The Origin of OsteopathyOsteopathy was founded by Andrew Taylor Still, who initially studied to become a physician in the 1850s and began practising traditional methods of medicine. After multiple family members suffered diseases that led to their deaths, Still began to reject much of what he had learned about medicine and begin to look for better approaches to medical treatment. Still began studying deeply into anatomy as he started to develop new methods of healing. Still developed theories and techniques that he began to implement in practice, healing many seemingly uncurable cases. He believed that the body would only function properly if all of its parts were working in proper relationship to one another and practised based off this belief. This practice became officially known as osteopathy in 1885. Still began to train others, and eventually opened a school in 1892 where many more were trained in osteopathy. Osteopathy continued to grow and started to spread around the world. Two branches of osteopathy arose early on – manual osteopathy (manual treatment only), and osteopathic medicine (practitioners receive medical training and provide medical treatments). Osteopathic medicine is only available to study in the USA, whereas osteopathic training around other parts of the world is focused on manual osteopathy. Still developed four key principles that still govern the practice of osteopathy today:
- The body is a unit, and the person represents a combination of body, mind and spirit
- The body is capable of self-regulation, self-healing and health maintenance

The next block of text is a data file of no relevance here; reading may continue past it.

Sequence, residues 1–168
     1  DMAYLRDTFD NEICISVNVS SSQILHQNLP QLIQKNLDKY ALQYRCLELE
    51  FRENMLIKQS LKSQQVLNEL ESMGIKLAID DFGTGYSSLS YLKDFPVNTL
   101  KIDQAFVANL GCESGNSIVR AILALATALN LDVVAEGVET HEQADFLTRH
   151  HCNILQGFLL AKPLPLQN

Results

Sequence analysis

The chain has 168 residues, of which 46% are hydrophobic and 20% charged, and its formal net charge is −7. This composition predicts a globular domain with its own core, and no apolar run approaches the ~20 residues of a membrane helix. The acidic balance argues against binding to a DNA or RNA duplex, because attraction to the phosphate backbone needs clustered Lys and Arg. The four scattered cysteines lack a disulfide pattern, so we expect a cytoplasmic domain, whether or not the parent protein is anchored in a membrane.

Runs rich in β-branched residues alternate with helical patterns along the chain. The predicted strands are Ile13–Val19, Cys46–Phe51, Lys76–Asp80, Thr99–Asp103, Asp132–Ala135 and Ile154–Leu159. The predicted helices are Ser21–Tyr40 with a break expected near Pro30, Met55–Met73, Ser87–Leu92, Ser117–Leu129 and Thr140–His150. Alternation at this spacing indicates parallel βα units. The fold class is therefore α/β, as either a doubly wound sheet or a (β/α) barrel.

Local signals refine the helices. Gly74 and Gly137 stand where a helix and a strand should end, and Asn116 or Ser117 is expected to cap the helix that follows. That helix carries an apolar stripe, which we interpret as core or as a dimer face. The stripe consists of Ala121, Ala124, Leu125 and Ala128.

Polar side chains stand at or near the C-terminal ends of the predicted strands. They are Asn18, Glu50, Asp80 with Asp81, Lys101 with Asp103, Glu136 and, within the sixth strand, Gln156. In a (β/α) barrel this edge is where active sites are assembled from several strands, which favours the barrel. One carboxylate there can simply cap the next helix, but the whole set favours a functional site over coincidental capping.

- Structure and function are reciprocally interrelated
- Rational treatment is based upon an understanding of these principles
How Osteopathic practice works
Osteopathic practitioners look at the body and the person as a whole. They assess and can influence muscles, joints, ligaments, tendons, fascia, blood flow, lymphatic flow, the nervous system, and digestive organs – considering how all of these structures work together and impact one another. They also look at factors outside the body that can affect what the body is going through – such as stress, past experiences, and lifestyle factors.
Osteopathic practitioners look beyond the presenting symptoms to determine the root cause of pain and dysfunction and they can tap into the body’s own healing capabilities to get long lasting results.
An osteopathic practitioner tailors treatment and management plans to each individual’s goals, needs and preferences.
What can I expect in a session?
Osteopathic treatment sessions are carried out within a private treatment room. The session begins with the patient sharing their story – why they are seeking treatment, and what they hope to achieve. The osteopathic practitioner will ask a wide range of questions about their complaint, as well as their general health, medical history, and lifestyle in order to gain a broad perspective on the patient’s health and the factors contributing to their current complaint.